Custom Keyboard and Software Compatibility

I’ve been looking for the core to a build I have in mind. Pretty much a small laptop. And the clockwork pi seems perfect! But before I get started I had a few questions that didn’t have definitive answers anywhere else.

Custom keyboards, so I love custom keyboard building. And for the form factor I want I definitely need a very custom layout. I saw that the QMK firmware for such custom keyboards is working on clockpi os. (Which is debian based right?). But the biggest issue is, where do I plug it in? I read the build guide and watched several videos and I just don’t see how the darn thing connects to the main board. It looks like you just press it down, and with magic I presume, connects to the core. Hopefully it’s just a little cable so I can just plug in any keyboard and it will work.

My next question is software compatibility. So with Debian running on the system (and I’ve seen information on other Linuxs, like arch, working on it) does that mean I can jump in and do any Linux-ey thing I want? Like install window managers and stuff? Install emulators, and steam. Does steam-play work? This is more of a question of what I CAN’T do software wise on the clockwork pi.

And those are my two big questions. My plan is probably to purchase the dev term and gut it for parts. And then build my own keyboard, find a new screen (I am pretty sure the 40pin io it uses is pretty common). And probably 3d print a custom case for it. Also those batteries for the dev term are rechargeable right? I definitely saw someone plug in a charging cable in a video.

But yeah that’s it, thanks in advance for any information y’all give!

I’m assuming you are talking about the Devterm. If you have further devterm questions, try the devterm category instead of Q&A. It’s also where there are long threads on most of the things you’re asking about.

The keyboard is a fully discrete unit with its own cpu, programmed in the arduino environment. It uses pogo-pins to connect to the devterm as a usb hid device, but also includes a micro-usb connector that allows it to connect to any computer to use it as a keyboard and mouse. The keyboard can be flashed directly in devterm, but the sketch can’t be compiled on devterm. I have seen talk about QMK, but no work on it. There is currently a popular alternative keyboard firmware (arduino) written by a user that clockwork themselves promotes. The keyboard is novel, perhaps the smallest you can get and still be functional, but it’s not comfortable, nor smooth in any way.

It’s a full armbian build with all the debian repos. It’s quirky and requires tinkering, but it’s a complete linux system running xfce. Just recently we’ve seen manjaro arm builds with various window managers, and improved armbian builds from users. Yes, there are various emulators (I maintain a TRS-80 Model 100 emulator for devterm), and I guess hacks for running some steam games (I’m not a gamer). Its performance is not stellar - it’s not a gaming system. It’s sluggish, loading the youtube homepage takes several seconds, but it will play vids fullscreen. That’s after turning all cores on and setting max freqs for cpu and gpu - something you need to do manually with helper programs.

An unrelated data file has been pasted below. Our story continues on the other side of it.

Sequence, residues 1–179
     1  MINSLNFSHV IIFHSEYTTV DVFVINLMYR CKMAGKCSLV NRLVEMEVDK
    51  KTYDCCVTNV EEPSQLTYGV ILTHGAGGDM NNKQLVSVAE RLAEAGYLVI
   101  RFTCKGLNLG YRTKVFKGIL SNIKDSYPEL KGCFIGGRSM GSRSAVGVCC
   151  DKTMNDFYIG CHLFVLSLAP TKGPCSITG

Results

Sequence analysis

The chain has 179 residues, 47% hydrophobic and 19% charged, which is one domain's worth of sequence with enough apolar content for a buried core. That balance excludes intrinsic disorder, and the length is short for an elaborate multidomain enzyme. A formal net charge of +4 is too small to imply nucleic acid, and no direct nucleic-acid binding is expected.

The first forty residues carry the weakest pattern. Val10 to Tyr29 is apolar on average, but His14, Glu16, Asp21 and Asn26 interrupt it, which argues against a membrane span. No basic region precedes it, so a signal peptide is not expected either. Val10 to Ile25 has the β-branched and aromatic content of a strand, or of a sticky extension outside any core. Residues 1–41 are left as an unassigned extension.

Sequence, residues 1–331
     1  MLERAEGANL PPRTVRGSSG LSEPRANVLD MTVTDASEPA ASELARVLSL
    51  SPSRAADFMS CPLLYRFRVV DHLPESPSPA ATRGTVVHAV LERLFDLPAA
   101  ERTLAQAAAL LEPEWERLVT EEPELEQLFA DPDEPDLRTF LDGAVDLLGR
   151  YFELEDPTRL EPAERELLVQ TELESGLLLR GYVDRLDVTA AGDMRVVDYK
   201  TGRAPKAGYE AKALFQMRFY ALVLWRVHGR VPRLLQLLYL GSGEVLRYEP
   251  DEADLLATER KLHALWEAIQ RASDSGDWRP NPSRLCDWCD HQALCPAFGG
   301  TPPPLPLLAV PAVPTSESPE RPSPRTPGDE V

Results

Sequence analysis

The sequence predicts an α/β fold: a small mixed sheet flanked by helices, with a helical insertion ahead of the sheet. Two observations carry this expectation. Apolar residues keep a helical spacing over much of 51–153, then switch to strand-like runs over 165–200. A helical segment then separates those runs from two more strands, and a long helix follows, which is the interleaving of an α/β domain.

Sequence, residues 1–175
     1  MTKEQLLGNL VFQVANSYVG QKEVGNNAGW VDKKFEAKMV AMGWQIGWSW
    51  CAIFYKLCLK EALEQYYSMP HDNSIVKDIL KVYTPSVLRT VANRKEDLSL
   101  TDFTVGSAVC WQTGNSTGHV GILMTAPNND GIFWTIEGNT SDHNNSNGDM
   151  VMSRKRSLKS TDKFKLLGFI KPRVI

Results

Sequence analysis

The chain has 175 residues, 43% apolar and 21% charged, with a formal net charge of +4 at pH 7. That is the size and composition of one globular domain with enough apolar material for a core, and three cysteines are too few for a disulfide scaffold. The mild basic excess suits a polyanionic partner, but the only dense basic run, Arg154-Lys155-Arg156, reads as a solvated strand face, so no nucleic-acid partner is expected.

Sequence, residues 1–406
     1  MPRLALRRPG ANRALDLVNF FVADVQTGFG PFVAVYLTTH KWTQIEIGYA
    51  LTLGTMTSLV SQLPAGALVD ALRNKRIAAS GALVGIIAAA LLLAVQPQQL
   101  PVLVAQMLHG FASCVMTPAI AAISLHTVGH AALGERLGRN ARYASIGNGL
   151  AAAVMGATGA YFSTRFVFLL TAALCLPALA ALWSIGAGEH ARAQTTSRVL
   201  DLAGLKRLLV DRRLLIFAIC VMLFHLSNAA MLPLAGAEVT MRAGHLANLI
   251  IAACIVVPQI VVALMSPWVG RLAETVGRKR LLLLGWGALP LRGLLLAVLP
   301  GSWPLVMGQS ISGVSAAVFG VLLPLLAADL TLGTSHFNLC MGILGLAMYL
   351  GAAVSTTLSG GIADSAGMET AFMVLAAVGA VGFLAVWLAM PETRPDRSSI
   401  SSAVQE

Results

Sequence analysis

There are a couple discussion threads on one or two compatible displays. But you’re on your own if you want other display panels - to the point of needing to customize and rebuild the armbian os yourself. Don’t discount what I just said there – if you use any other display, you will be building your own OS image. Also, don’t assume lcd connectors are compatible either.

You can’t run any binary or deb compiled for x86 or (usually, unless 64bit) raspberry pi. Assume nothing will work unless it’s already in the installed debian repos (thousands and thousands of progs), or you compile it yourself. But a ton of stuff does run on it, and compiling is exactly the same as other linux systems.

It’s a complete waste to buy a devterm ($339), only to buy your own lcd panel, print your own case, and make your own keyboard. Basically you’d be keeping the carrier board ($39) and the A06 core module ($129) - both custom hardware built by clockworkpi and not supported by any other manufacturer, or company, or software. It has no bios or uefi, and does not boot iso’s. Also, devterm doesn’t support suspend or sleep. The batteries are just standard 18650’s.

Seriously, if you want a custom hackerterm or gamebox and are proficient enough to roll your own qmk firmware, print custom cases, and setup your own displays then consider building around a rpi3/4 sbc or module. It would have tons more support in both software and hardware.

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Thanks a million for your reply

Im okay with fiddling with an arduino for a keyboard, infact most custom keyboards have their own micro controller on board.

If it’s running xfce it can definitely handle window managers. So that’s good news. Along with access to the full debian repos. And I wasn’t really planning on using it for gaming.

And for the display, I am fine with building my own armbian.

And I was planning on just buying those few internal parts. I think I said “gut for parts” to be more concise??? I dunno it was confusing. If clockwork pi can sell that specific screen seperately i’d happily buy it because it’s actually pretty much the form factor I want. But you are right, compatibility on the rpi is much better. But I wanted something with a bit more power.

Im gonna continue sitting on the idea before I jump in and spend a bunch of money. But thanks a TON for your response.

P.S, also sorry about putting this in the wrong topic I wasn’ super sure where to put it.